Sunday, July 26, 2015

St Patrick's Cathedral, Dublin Ireland

St. Patrick's Cathedral

It felt like the second day but it was only still morning.  Morning can be very long when it starts at midnight your time.

After Trinity College we toured the Dublin Museum of art.  Got to see some Vermeers (yay!).  I hope to see all 34 paintings attributed to Vermeer before I die so now I'm a little closer.

After that we walked to St. Patrick's Cathedral.  On the way there we stopped at a store where I bought a hoodie (it's cold in Ireland in July!) and then walked over to a Thai restaurant run by a friendly Irishman who knew the double art of engaging his patrons with delightful conversation while serving them scrumptious Thai food.  Very, very, nice experience.

From there we walked several blocks to St. Patrick's Cathedral.  I must admit that after seeing the Italian duomos, Notre Dame in Paris and Gaudi's Art Deco Cathedral in Barcelona last summer, St. Patrick's isn't the most impressive church in the world.  But it was nice as far as big stone structures go and I was glad to see the grave of Johnathon Swift.

And I do love Celtic Art.  I think it would be an awesome experience to go to church in a Cathedral each week.  Those were the days when every minute detail of design was calculated to bring the worshiper closer to a sense of the presence of God and to instill a respect for their  worship environment.

So much intricate detail surrounded by so much space.  It gives one a sense of intimacy and spaciousness at the same time.

Johnathon Swift's grave.  Yes, he's buried in the wall.  And he wrote his own epitaph in Latin.  Here it is below in English

Jonathan Swift

'Here is laid the body of
Jonathan Swift, Doctor of Divinity,
Dean of this cathedral Church,
Where fierce indignation can no longer
Rend his heart.
Go, traveller, and imitate if you can
This earnest and dedicated
Champion of Liberty'

Sunday, July 19, 2015

The Emperor of All Maladies: A Biography of Cancer by Siddhartha Mukherjee

Mukherjee is a cancer physician and interlaces his own experiences with patients with the history of cancer.  He does a thorough job tracing back its earliest diagnosis and follows doctors through the ages as they learn to identify and name this Emperor of All Maladies.  His descriptions of the different cases and attempts at doctors to save people from cancer read like a suspense novel.

One becomes drawn into the lives that these doctors try to save.  Some interesting facts emerge:  at first physicians did not understand that there could be environmental reasons for cancer and that cancers come from the development of lesions in the body.  

Doctors started to understand this in the 19th century when young boys hired as chimney sweeps in England began developing lesions on their bodies, particularly their scrotal sacks after they hit puberty.  The parts of the body infected were the parts that developed sores from the constant rubbing from traveling up and down chimneys and then became infected with soot.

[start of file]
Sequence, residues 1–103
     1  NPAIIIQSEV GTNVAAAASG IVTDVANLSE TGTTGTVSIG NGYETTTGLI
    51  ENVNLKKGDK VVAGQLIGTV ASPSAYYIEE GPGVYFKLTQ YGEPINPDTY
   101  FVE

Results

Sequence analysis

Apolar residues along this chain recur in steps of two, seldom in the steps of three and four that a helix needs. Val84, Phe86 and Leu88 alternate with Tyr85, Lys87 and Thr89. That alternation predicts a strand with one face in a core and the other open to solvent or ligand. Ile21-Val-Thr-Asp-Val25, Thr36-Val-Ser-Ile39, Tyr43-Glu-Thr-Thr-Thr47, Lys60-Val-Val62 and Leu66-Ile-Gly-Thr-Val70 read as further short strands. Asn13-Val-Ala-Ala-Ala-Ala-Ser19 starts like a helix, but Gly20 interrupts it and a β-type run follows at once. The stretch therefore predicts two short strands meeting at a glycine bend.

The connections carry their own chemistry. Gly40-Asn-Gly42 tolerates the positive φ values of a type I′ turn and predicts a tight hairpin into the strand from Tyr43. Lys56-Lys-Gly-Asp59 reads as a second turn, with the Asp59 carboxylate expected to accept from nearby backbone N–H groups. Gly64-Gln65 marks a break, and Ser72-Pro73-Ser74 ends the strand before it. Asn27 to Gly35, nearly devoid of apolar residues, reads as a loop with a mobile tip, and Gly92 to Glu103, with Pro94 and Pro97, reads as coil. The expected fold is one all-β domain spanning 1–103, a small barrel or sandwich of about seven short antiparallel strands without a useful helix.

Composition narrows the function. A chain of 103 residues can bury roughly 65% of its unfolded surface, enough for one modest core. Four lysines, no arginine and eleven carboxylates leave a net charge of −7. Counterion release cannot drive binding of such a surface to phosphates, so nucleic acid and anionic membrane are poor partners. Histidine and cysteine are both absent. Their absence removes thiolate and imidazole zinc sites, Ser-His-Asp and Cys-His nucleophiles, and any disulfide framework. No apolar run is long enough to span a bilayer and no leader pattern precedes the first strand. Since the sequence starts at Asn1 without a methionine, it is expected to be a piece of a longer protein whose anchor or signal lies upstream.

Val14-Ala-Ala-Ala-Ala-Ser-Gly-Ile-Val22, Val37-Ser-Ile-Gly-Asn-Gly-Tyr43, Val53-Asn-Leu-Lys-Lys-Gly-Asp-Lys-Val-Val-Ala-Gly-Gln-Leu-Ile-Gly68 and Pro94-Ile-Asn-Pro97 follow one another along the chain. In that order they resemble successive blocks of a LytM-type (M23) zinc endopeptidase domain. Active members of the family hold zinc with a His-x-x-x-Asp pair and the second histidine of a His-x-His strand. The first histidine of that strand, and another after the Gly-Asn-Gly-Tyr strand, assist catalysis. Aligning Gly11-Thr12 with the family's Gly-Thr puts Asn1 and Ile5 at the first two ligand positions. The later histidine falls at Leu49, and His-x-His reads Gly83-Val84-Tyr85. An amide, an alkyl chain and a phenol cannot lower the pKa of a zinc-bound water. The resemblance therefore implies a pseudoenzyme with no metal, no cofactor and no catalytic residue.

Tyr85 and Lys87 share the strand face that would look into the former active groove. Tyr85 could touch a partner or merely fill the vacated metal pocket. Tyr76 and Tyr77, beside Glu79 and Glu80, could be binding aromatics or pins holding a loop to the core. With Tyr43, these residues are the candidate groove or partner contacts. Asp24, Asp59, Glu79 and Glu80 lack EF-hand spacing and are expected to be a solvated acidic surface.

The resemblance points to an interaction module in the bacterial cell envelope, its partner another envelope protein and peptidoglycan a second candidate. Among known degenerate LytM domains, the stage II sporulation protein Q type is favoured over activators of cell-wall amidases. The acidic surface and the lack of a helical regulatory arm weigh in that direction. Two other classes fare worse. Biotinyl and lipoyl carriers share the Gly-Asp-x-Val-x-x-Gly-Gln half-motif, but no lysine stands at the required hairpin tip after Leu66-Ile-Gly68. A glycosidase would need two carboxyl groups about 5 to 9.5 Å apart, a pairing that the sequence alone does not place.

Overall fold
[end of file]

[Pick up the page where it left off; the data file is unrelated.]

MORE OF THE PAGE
It took a particularly long time for people to connect smoking with lung cancer.  This seems common sense to us today, but  back then they hardly knew what cancer was and practically everyone smoked, but not everyone developed cancer, so the cause and effect was not immediately obvious.

Mukherjee devotes a large portion of his book giving us the history of the battle between tobacco companies and victims of lung cancer.  It seems the big bad company against the little person is a safe target to vilify.  Too bad he wasn't as forthright about the connection between Sexually Transmitted Diseases and cervical cancer or that HPV is closely associated with anal cancer.  He gives those facts barely a nod while not even including the growing evidence suggesting that abortion increases risk of breast cancer.  I guess we need to make sure we only attack the people it's fashionable to attack rather than informing the populace about  unpopular preventative health measures.  He is, after all, trying to sell a book.

What was most informative was how cancer develops in the body.  The body is amazingly resilient to foreign bodies and even has a back up system when a lesion develops.  He gives an example of someone who inhaled asbestos in their youth.  This would cause a lesion in the lung, but not cancer because the immune system with its back up would only lose one "fighter"against the lesion.  (there's a medical term but I'll say fighter for convenience) 

But say the person also smoked for many years.  This would produce another lesion and attack the back up defense.  Now the body is out of fighters, hence the development of rapidly growing radicals because there is now nothing to stop it.

Mukherjee takes us along with the doctors who, through hit and miss, and countless trials finally came up with the idea of chemical warfare against free radicals as well as radiation.  He describes how these various procedures work.  This is a huge improvement from the radical surgery that doctors employed at the turn of the last century.  Surgeons would cut away almost half a person's body in order to eradicate the cancer.

What they found out was that surgery actually caused the cancer to spread by creating more lesions.

The entire book, while being non fiction, is written in a highly engaging style and is a fascinating look at a malady that has surely affected every one of us at one time or another.

Sunday, July 12, 2015

2nd Day in Ireland: The Giant's Causeway

This is a continuation of a photo diary of Josh's and my honeymoon last summer.

The Giant's Causeway is a mysterious collection of probably millions of narrow, cylindrical stone structures that span across the Irish Sea between Ireland and Scotland.  

The causeway was created when the Irish giant, Finn McCool, threw the rocks into the sea to create a bridge to Scotland because he wanted to fight a Scottish giant, Benandonner.